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Biochar optimizes wheat quality, yield, and nitrogen acquisition in low fertile calcareous soil treated with organic and mineral nitrogen fertilizers


Khan, MA and Basir, A and Fahad, S and Adnan, M and Saleem, MH and Iqbal, A and Amanullah, A and Al-Huqail, AA and Alosaimi, AA and Saud, S and Liu, K and Harrison, MT and Nawaz, T, Biochar optimizes wheat quality, yield, and nitrogen acquisition in low fertile calcareous soil treated with organic and mineral nitrogen fertilizers, Frontiers in Plant Science, 13 Article 879788. ISSN 1664-462X (2022) [Refereed Article]

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Copyright Statement

Copyright 2022 Khan, Basir, Fahad, Adnan, Saleem, Iqbal, Amanullah, Al-Huqail, Alosaimi, Saud, Liu, Harrison and Nawaz. This is an open-access article distributed under the terms of the Creative Commons Attribution 4.0 International (CC BY 4.0) License ( The use, distribution or reproduction in other forums is permitted, provided the original author(s) and the copyright owner(s) are credited and that the original publication in this journal is cited, in accordance with accepted academic practice. No use, distribution or reproduction is permitted which does not comply with these terms.

DOI: doi:10.3389/fpls.2022.879788


Crop quality and nutrient uptake are considerably influenced by fertilizers inputs and their application rate. Biochar (BC) improves nitrogen uptake and crop productivity. However, its interaction with synthetic and organic fertilizers in calcareous soil is not fully recognized. Therefore, we inspected the role of biochar (0, 10, 20, and 30 t ha1) in improving N uptake and quality of wheat in a calcareous soil under integrated N management (90, 120, and 150 kg N ha1) applied each from urea, farmyard manure (FYM) and poultry manure (PM) along with control) in 2 years field experiments. Application of 20 t BC along with 150 kg N ha1 as poultry manure considerably improved wheat grain protein content (14.57%), grain (62.9%), straw (28.7%), and biological (38.4%) yield, grain, straw, and total N concentration by 14.6, 19.2, and 15.6% and their uptake by 84.6, 48.8, and 72.1%, respectively, over absolute control when averaged across the years. However, their impact was more pronounced in the 2nd year (20162017) after application compared to the 1st year (20152016). Therefore, for immediate crop benefits, it is recommended to use 20 t BC ha1 once in 50 years for enhancing the nitrogen use efficiency of fertilizers and crop yield.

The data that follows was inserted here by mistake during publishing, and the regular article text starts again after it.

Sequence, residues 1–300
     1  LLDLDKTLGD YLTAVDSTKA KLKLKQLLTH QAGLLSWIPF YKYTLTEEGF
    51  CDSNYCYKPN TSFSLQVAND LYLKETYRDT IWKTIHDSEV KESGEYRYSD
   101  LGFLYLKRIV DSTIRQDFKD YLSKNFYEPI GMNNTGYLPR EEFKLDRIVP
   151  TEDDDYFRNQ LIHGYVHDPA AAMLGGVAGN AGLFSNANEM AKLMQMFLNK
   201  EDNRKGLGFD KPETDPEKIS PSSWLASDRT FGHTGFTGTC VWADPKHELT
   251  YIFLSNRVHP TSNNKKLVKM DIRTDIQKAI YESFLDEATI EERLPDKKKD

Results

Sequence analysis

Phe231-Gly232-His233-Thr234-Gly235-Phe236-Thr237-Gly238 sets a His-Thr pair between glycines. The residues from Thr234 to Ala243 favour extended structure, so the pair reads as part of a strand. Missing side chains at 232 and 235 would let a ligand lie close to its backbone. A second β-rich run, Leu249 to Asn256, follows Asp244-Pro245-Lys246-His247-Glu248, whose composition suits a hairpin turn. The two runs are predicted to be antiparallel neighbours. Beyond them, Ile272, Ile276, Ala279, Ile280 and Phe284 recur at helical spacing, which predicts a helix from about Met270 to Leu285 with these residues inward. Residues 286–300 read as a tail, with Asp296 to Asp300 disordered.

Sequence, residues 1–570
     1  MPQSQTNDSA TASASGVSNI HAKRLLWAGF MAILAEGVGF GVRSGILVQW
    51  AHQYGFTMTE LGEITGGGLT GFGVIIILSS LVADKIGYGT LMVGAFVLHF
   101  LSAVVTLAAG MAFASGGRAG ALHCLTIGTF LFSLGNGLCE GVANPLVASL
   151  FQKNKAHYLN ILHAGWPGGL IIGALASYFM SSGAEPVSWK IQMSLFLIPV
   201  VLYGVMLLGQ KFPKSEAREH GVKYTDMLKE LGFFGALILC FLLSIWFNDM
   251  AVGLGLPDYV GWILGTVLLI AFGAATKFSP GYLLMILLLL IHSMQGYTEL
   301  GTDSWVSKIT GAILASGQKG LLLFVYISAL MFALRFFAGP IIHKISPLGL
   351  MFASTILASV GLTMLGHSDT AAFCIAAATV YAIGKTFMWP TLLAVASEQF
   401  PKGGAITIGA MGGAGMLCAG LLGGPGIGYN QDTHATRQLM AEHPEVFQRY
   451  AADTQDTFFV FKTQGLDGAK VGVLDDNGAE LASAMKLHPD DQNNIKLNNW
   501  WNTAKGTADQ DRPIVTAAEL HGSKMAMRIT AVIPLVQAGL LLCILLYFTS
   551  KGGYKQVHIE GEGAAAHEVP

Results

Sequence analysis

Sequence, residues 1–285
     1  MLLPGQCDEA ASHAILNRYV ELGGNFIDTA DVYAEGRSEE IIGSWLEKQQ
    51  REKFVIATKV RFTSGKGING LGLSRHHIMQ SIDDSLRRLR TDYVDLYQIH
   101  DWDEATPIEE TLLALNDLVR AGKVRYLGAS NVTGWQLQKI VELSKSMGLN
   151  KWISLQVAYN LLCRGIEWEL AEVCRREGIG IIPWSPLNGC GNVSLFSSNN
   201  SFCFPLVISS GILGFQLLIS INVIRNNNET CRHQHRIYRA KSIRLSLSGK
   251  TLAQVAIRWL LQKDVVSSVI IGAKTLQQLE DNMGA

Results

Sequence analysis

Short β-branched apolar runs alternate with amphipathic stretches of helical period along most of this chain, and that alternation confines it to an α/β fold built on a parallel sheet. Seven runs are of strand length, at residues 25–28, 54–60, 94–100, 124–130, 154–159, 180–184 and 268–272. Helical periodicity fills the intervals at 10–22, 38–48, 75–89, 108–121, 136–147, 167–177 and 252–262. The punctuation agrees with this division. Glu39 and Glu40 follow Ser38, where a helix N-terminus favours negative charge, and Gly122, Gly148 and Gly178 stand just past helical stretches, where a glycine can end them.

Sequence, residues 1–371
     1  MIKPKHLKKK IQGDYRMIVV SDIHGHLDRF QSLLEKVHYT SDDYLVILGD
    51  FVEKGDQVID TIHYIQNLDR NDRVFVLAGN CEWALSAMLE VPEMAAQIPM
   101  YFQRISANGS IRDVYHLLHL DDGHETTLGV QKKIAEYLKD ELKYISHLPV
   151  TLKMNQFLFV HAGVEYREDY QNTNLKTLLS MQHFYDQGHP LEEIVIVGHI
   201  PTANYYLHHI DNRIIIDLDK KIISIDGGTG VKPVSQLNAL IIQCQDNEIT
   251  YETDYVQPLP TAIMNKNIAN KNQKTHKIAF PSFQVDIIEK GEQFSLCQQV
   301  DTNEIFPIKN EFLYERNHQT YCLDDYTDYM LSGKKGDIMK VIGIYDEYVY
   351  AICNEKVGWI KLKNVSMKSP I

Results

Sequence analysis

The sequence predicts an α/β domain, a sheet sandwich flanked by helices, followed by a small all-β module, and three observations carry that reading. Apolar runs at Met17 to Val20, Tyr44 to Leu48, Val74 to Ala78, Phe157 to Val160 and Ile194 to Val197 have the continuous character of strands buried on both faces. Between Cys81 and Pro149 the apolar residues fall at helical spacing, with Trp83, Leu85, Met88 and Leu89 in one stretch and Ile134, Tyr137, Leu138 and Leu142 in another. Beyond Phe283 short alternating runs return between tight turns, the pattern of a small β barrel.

Item Details

Item Type:Refereed Article
Keywords:biochar, nitrogen, agronomy, wheat, maize, soil carbon, greenhouse gas emissions, climate crisis, climate change, net-zero, carbon neutral, soil, sequestration, grain, yield, protein, agronomy, cultivation, fertility, fertilizer, nitrous oxide, yield
Research Division:Agricultural, Veterinary and Food Sciences
Research Group:Agriculture, land and farm management
Research Field:Agricultural management of nutrients
Objective Division:Environmental Policy, Climate Change and Natural Hazards
Objective Group:Adaptation to climate change
Objective Field:Climate change adaptation measures (excl. ecosystem)
UTAS Author:Liu, K (Dr Ke Liu)
UTAS Author:Harrison, MT (Associate Professor Matthew Harrison)
ID Code:149966
Year Published:2022
Web of Science® Times Cited:6
Deposited By:TIA - Research Institute
Deposited On:2022-05-04
Last Modified:2022-11-18
Downloads:6 View Download Statistics

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